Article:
It was therefore necessary to take sides, to bet a few pennies on someone. Olivier de Clisson decides to support his childhood friend, Charles de Blois – who, after all, comes from the very same family of whistleblowers that denounced Jeanne and Guy de Penthièvre before the Pope. In 1343, Olivier and Hervé VII de Léon, as military commanders, defend the city of Vannes against attacks by the English – who eventually succeed after four attempts to force the city. Olivier and Hervé are taken into captivity, from which only Oliver emerges – exchanged for the English Ralph de Stafford and a suspiciously small sum of money. And that is when Charles de Blois stabs his childhood friend in the back – suggesting that Olivier surrendered Vannes to the English without a fight, what is more, since they exchanged him for such a small amount of money, he must have sold himself to the English. Treason!

In 1343, after the truce between England and France was officially signed, Olivier and fifteen other Breton and Norman noblemen are invited to a tournament to celebrate. However, there is no celebration foreseen for Olivier IV de Clisson – he is captured by his compatriots and taken to Paris – on charges of unthinkable treason. Jeanne, trying to save her husband, resorts to bribery – as a result of which the royal sergeant tries to delay Olivier’s trial. The truth comes out eventually and he gets arrested – as is Jeanne, who is not only accused of attempted bribery, but also of treason and disobedience. Finally, she runs away with the help of her eldest son, Olivier, as well as her squire and butler.

Meanwhile, on August 2nd, 1343, Olivier IV de Clisson finally stands trial – and is accused of conspiring and forming alliances with Edward III, an enemy of the French king and all of France. He is beheaded, and his head is taken to Nantes, where, impaled on a lance, it becomes a warning to others. This shocks the noblemen, because evidence of Olivier’s guilt is lacking, and moreover, desecrating the corpse and displaying it in public as a warning was the domain of the lowest class of slaughterers and criminals – not aristocrats.

Filled with fury and rage, Jeanne takes her two younger sons, Olivier and Guillame and heads to Nantes to show them their father’s head impaled on a lance and set on the city gates. She swears revenge to Charles de Blois and king Philip VI of France. She sells rest of the valuables, gather s400 loyal men and begins her crusade against France. She attacks the castle of Touffou, which was under the command of Galois de la Heuse, an officer of Charles de Blois. He allegedly recognized Jeanne and lets her in – after that her forces massacred the entire garrison, leaving only one wretch alive.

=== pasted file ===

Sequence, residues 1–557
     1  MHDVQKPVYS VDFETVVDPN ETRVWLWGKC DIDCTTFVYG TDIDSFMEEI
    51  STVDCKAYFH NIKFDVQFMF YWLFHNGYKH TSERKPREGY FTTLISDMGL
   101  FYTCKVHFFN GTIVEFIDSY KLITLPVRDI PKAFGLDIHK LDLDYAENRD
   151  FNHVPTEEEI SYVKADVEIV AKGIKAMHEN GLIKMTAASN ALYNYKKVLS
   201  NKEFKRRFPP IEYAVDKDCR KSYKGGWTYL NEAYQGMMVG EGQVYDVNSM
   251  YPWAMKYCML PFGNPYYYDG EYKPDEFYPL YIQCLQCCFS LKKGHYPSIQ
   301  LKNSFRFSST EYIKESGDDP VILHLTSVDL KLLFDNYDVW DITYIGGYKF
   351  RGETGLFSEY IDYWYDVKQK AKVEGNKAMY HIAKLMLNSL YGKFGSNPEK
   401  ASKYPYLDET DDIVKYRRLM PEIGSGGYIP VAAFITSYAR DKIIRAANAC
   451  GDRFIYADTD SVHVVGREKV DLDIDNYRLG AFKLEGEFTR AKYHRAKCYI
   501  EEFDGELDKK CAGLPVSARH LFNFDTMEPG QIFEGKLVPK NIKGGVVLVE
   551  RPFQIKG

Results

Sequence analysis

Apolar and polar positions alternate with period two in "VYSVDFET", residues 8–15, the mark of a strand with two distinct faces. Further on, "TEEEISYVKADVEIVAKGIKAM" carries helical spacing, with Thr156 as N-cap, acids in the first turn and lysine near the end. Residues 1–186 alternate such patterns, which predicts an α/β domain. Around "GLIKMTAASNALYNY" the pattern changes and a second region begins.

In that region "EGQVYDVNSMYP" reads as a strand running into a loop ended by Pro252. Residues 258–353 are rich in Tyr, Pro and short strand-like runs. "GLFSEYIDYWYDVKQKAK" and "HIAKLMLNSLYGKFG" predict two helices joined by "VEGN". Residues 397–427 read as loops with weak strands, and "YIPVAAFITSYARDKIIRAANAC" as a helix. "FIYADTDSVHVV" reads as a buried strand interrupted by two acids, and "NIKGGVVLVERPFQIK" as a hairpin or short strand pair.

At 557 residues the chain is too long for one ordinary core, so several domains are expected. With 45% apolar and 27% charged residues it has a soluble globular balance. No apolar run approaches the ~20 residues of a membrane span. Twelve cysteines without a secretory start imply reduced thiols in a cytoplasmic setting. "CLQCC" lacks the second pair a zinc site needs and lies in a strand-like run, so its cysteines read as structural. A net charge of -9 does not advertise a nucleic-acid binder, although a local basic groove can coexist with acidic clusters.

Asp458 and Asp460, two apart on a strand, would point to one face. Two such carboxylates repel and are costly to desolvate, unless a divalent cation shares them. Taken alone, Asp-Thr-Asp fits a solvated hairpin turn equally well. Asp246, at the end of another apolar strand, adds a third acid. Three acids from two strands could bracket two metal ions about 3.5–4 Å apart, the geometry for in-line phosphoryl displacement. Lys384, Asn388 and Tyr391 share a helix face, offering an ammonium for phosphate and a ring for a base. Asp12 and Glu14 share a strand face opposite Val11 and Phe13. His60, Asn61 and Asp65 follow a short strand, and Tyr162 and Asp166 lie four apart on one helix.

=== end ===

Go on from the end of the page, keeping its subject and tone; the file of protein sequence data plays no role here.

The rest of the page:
Soon after, with the help of the English king and Breton sympathizers, Jeanne organizes three warships, which are repainted black, their sails dyed blood red – and the flagship is christened with the name “My Vengeance.” Jeanne disguises herself as a pirate and goes to the sea with her Black Fleet. For the next 13 years, she hangs around the English Channel, spotting French merchant ships and attacking them without ruthlessness – always leaving one (un)lucky man alive to report to the French king that the Lioness of Brittany has caught up with them. And it was a tactic that can be described as guerrilla warfare at sea – disrupting the enemy’s logistics by attacking merchant ships, never military vessels.

In the end, however, the French manage to track down Jeanne and sink her flagship, so she drifts along with her sons for 5 days in troubled waters – as a result of this tragedy one of them, Guillame, dies. Jeanne and Olivier are eventually rescued by Jeanne’s allies, the de Montforts – and the Lioness of Brittany continues her pirate expeditions. In 1350, Jeanne marries for the last time – to Walter Bentley, closely related to King Edward III. They settled at Hennebont Castle and lived in relative peace for the next couple of years (not counting Walter’s little squabble with King Edward III over Jeanne’s estates). In December 1359 Walter dies, and a few weeks after him Jeanne – leaving behind a clear message: do not make baseless accusations of treason and do not desecrate the corpse – or the Black Fleet will catch up with you. Got it?